Iceland’s first and only circus

The circus tent Jökla has risen in Klambratún park, by the corner of Flókagata and Langahlíð. The circus will be in Reykjavík until July 13th. Then it travels to Ísafjörður, Akureyri, Selfoss and Keflavík and then back to Reykjavík late August.
 
The circus has three different shows:
 
Heima er best (Home is where the heart is) is the big family show performed to Icelandic music. Here is a short video from the show.
 
S.I.R.K.U.S is a show for the youngest ones and the young at heart. Here is a short video from the show.
 
Skinnsemi is the adult circus cabaret. It is not suitable for children and is performed on Friday and Saturday evenings. Here is a short video from the show.
 
Ticketsales are on www.midi.is and by the tent.
 
About Sirkus Íslands:
 
The circus is a very young company, especially in the circus world. It is Iceland’s first and only circus. Lee Nelson was a traveling street performer, who visited Iceland on his life’s journey. Iceland was country number 99 on his list. He stumbled into the legendary bar Sirkus (that translates to circus) - and fell in love.
 
So he came back and stayed - in a country with very little culture for street performance and no circus scene. Trying to find like minded people he started giving free hand stand classes in Kramhúsið dance studio on Sunday evenings in the fall of 2007, paying the rent of the studio with helping out with paint jobs and other handy jobs around the studio. The first weeks no one showed up - but then a little group of people started attending. Handstands were learned, then juggling, acrobatics, clowning.. and little by little people found a skill to master. The dance studio was no longer good enough - and to be able to learn aerials and more complex things the circus now practices in Ármann gymnastics.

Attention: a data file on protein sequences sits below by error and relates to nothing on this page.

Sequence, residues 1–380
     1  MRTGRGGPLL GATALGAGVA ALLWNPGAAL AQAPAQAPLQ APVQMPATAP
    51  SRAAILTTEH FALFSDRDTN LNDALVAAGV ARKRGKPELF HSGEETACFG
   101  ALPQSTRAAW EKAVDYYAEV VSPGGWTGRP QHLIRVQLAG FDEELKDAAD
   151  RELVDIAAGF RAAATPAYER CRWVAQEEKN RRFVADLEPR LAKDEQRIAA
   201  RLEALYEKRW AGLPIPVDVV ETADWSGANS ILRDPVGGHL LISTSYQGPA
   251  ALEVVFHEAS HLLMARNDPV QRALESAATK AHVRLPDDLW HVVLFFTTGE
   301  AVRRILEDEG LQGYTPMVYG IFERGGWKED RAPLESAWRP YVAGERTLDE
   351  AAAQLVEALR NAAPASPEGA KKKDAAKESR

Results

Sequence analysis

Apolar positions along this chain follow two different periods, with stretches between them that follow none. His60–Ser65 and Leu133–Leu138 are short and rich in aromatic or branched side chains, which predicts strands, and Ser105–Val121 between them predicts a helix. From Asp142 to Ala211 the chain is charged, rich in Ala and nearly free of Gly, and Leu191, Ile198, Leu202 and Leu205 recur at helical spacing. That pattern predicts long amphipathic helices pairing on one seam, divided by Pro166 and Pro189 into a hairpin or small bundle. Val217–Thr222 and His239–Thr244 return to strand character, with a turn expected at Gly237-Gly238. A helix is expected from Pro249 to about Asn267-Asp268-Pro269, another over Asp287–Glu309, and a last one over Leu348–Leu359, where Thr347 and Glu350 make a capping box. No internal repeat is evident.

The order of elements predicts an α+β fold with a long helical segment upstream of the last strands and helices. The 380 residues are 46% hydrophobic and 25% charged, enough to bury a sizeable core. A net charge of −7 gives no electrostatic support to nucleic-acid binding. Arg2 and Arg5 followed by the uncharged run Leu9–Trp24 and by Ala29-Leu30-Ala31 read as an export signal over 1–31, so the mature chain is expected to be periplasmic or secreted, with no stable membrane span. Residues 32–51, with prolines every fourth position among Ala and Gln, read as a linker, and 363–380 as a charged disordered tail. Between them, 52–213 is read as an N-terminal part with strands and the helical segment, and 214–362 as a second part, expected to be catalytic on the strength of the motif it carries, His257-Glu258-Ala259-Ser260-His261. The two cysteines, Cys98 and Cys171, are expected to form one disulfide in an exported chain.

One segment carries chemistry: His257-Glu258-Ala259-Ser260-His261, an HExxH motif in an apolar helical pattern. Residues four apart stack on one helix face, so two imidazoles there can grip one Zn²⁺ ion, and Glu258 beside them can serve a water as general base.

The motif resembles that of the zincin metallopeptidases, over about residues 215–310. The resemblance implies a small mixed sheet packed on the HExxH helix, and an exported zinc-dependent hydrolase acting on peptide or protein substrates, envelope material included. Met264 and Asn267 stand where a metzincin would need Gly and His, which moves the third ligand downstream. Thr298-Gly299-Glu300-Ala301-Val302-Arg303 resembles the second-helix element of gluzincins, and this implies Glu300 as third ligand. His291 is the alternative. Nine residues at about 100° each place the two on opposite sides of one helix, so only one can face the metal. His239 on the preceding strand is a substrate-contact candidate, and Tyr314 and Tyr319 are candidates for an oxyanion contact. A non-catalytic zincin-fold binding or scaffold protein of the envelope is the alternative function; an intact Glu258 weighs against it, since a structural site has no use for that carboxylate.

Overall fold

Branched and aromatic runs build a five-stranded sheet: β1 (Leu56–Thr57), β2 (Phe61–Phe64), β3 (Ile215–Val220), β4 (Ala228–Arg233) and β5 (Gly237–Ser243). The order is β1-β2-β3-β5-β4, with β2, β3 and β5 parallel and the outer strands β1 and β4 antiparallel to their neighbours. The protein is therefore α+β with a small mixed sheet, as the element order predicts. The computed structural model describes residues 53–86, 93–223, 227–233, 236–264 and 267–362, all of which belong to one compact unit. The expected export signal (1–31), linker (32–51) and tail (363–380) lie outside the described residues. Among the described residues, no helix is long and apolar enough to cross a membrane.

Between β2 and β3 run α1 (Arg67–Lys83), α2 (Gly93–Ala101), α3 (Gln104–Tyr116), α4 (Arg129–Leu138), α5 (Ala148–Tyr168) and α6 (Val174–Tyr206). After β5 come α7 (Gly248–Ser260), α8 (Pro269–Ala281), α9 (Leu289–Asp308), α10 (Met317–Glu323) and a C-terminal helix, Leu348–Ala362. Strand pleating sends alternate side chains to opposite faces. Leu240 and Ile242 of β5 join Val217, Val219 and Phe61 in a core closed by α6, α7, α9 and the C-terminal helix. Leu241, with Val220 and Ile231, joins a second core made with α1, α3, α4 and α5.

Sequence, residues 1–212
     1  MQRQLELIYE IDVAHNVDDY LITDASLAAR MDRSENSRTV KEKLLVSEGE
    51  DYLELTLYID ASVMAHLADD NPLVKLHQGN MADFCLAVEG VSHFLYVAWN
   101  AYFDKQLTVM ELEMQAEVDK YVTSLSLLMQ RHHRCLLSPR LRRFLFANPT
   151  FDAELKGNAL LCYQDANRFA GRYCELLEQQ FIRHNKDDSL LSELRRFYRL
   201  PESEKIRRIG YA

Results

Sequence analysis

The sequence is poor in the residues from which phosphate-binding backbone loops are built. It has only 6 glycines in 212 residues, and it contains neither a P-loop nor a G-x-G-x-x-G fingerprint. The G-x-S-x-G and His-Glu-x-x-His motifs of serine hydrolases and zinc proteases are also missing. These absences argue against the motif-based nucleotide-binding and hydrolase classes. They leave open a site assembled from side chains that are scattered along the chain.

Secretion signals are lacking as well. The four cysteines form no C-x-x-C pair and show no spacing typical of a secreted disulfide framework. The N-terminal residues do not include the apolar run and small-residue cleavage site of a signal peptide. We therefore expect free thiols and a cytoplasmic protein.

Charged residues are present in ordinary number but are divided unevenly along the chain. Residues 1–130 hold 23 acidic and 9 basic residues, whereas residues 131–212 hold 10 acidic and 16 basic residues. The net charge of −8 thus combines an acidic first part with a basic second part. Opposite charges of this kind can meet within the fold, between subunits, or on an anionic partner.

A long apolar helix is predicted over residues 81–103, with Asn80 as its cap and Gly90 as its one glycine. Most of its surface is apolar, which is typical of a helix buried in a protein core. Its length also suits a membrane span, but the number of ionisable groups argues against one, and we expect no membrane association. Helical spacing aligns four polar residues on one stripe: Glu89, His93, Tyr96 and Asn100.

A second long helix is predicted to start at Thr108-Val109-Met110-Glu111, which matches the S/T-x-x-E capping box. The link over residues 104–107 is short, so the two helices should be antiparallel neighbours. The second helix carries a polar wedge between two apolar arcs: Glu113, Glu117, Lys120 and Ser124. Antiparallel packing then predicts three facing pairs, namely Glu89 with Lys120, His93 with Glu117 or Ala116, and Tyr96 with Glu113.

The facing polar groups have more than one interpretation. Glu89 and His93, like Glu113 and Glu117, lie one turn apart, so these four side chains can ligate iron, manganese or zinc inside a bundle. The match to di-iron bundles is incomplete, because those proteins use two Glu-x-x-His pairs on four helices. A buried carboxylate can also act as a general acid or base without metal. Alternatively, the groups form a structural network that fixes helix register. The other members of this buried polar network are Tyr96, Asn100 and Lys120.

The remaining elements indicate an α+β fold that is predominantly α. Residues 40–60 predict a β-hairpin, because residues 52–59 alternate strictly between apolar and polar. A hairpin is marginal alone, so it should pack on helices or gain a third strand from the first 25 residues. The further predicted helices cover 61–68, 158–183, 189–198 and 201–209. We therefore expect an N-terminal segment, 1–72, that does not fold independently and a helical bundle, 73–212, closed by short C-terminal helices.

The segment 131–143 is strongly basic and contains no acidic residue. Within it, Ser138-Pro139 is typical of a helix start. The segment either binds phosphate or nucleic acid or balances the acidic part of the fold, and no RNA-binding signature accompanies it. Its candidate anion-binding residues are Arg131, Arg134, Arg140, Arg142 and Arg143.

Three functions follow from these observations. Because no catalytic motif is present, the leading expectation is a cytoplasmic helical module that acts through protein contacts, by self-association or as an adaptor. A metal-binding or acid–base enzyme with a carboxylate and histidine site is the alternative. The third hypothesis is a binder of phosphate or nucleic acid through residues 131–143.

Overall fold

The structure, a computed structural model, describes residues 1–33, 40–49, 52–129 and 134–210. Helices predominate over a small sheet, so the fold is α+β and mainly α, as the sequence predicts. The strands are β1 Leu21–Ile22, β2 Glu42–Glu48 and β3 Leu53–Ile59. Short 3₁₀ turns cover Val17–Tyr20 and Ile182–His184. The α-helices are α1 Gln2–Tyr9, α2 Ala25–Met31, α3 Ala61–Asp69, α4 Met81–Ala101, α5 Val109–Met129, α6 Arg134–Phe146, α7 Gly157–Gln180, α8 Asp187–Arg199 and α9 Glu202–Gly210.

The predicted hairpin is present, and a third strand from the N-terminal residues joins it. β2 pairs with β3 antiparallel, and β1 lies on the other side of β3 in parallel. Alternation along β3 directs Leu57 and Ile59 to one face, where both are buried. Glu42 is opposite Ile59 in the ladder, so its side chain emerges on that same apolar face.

The first big show was premiered in December 2008, and since then four shows have been made. Summer of 2013 the circus participated in the international circus festival Volcano in Reykjavík, when the members realized they were just as good as international circuses.
 
After the festival all the circus tents left the country, and the little circus realized that theaters didn’t have the same magic as a real circus tent. With the help of the crowd funding website Karolina Fund the circus managed to pull of the biggest crowd funding in Iceland for the first Icelandic circus tent. The tent arrived in April, and members have been practicing putting the tent up and putting together the shows since then. This summer Sirkus Íslands performs in Reykjavík, Ísafjörður, Akureyri, Selfossi and Reykjanesbær. 
 
Today twenty people work full time on the circus. The business revolves around putting up circus shows, performing in private parties, kindergartens and schools, and circus classes for children and adults.